If players or teams are tied at six games apiece, a tiebreaker game will be played, and in this game, the first player or team to score seven points wins the set. In a tiebreaker, as with overall games, the winner must achieve victory by a two-point margin. If players tie during the tiebreaker, the tiebreaker round will last until one player achieves a two-point advantage. Another method of scoring sets in padel is in “mini-sets,” which are sets where the first side to win four games wins the set, rather than six games.

Scoring Matches in Padel

The final hurdle for a padel player to cross is winning the match itself. Just as in tennis, a padel match is typically played until one side wins the best out of three sets, meaning that whichever side is the first to win two sets wins the match. This can occur if one side wins the first two sets without the other side winning one, if one side loses the first set but wins the other two, or if one side wins the first set, loses the second, but wins the third. In padel, if two teams are tied at one set apiece, the third set can be played without a tiebreak, meaning that whichever team either wins six games or manages to achieve a two-game advantage after both teams are tied at 5-5 or 6-6 wins the match.

Another potential scoring system for padel is the tiebreak to define the match. This can occur when both sides have won a single set and decide to forgo playing the last set in favor of a single tiebreak round. This tiebreak can be played to 7 or 10 points; in the latter case, it is referred to as a “super tiebreak.” As with all tiebreaks, these are both played with the intent of winning by a two-point advantage.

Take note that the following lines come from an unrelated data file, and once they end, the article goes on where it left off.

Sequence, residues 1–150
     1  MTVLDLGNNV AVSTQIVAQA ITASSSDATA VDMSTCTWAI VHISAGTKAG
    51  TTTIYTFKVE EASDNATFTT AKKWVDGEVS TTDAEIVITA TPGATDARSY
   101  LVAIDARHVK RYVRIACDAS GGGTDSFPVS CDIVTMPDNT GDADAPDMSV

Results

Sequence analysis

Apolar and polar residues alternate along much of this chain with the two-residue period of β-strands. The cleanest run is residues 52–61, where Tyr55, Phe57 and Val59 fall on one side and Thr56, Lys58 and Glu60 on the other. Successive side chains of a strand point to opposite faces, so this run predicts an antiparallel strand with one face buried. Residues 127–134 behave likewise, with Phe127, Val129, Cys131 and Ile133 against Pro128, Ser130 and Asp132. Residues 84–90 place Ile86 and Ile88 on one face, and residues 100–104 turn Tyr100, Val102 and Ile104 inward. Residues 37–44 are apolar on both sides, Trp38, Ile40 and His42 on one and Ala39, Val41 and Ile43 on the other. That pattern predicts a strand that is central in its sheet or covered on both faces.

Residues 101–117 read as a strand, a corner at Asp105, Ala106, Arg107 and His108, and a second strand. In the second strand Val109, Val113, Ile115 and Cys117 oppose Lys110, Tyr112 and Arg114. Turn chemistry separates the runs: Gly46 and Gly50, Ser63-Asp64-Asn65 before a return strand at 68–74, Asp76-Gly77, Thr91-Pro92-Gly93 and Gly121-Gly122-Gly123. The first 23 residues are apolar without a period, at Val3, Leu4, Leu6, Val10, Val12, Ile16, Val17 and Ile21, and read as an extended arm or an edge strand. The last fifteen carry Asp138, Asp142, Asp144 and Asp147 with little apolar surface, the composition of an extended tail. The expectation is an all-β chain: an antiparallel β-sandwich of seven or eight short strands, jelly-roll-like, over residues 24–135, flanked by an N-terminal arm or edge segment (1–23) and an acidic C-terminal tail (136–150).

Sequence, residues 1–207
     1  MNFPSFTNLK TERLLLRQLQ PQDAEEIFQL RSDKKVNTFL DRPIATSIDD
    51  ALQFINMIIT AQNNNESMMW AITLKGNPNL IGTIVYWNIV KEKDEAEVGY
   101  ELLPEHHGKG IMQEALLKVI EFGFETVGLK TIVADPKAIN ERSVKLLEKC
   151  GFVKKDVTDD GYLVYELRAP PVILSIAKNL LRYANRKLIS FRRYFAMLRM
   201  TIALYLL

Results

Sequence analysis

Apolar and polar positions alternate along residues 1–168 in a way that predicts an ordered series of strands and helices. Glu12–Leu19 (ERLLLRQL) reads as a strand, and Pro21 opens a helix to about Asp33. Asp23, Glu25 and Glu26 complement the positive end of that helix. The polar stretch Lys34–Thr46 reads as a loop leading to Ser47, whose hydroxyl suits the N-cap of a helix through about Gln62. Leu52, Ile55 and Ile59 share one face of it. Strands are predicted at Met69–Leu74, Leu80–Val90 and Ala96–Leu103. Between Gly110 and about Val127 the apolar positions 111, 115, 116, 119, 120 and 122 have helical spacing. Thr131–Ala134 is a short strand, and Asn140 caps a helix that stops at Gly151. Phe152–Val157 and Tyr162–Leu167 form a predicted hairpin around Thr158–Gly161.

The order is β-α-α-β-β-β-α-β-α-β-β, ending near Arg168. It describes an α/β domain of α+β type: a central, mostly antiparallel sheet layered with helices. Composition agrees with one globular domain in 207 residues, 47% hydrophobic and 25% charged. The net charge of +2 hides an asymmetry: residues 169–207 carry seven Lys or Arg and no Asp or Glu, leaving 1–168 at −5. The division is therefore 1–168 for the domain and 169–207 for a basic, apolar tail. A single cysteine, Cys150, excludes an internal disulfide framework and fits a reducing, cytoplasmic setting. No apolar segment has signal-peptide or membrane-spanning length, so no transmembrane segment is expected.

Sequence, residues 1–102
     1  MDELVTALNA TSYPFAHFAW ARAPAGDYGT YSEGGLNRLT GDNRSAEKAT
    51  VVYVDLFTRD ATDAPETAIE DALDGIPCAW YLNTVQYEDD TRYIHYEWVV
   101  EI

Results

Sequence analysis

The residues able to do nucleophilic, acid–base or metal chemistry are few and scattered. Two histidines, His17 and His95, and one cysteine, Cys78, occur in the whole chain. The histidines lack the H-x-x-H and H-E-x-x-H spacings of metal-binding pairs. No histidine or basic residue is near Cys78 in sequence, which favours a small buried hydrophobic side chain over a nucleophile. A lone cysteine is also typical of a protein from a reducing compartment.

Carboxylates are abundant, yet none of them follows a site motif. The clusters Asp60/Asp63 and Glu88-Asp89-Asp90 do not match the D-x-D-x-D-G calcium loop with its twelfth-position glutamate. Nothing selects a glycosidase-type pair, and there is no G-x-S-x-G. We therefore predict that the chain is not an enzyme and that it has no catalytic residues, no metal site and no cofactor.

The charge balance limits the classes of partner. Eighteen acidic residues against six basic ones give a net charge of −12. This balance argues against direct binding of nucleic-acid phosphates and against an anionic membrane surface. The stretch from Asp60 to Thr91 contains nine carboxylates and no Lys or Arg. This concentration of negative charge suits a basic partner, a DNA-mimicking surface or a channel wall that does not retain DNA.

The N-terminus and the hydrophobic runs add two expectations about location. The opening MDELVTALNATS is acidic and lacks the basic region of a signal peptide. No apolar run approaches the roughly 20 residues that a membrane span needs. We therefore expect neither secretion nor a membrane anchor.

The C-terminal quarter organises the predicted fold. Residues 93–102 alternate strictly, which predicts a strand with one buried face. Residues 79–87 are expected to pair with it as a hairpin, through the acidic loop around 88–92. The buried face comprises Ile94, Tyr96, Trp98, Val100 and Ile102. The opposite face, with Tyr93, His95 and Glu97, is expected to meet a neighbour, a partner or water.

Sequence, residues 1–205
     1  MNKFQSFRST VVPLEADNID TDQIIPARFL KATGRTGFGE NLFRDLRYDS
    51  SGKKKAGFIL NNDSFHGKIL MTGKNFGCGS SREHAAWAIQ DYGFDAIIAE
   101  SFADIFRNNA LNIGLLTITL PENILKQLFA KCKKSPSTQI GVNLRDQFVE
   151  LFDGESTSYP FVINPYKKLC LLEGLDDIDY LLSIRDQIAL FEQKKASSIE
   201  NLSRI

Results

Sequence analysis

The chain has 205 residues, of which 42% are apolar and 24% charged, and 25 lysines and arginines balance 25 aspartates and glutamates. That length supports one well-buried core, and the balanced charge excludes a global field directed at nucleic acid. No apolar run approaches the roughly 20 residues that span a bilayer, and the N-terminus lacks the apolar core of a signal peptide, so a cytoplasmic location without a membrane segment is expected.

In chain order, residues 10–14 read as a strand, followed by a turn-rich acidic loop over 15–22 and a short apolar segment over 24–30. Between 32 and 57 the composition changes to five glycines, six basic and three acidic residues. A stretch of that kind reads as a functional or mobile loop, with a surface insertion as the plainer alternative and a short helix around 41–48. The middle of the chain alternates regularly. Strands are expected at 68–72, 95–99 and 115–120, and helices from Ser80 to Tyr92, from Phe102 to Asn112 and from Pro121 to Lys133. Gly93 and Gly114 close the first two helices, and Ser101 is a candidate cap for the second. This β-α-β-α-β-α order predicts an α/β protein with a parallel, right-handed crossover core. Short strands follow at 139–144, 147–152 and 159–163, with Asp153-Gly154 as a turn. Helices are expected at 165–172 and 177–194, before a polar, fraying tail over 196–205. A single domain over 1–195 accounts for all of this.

How many serves do you get in padel?

In padel, like in tennis, players must open a rally by serving. Padel players have two chances allotted to them for each serve. If a player successfully hits a serve into the correct service court on their first attempt, the serve counts, and the rally begins. However, if a player hits into the wrong service court on their first try, or if their first attempt hits the net and lands on their side of the court, they can take a second attempt. A second attempt called a “let” can also be taken if the initial serve hits the net and falls onto the correct service court.

How do you win a padel match?

In padel, a player or team of players wins a match by being the first to win two out of three sets. In order to win one of the three sets, players must win six games. To win a game, players must be the first to win four points, which are scored exactly the same as in a tennis match, via the system of ad-scoring.

How do you score padel?

Padel is scored in the same way a tennis match is scored. For each game in a set of padel, players score points by a system known as “advantage-scoring” or ad-scoring. Ad-scoring consists of four points, going from 0, to 15, to 30, to 40, and finally to winning the game on the fourth scored point. Players can tie at 40-40, which is referred to as a “deuce,” after which the game can only be won by one player scoring two unanswered points.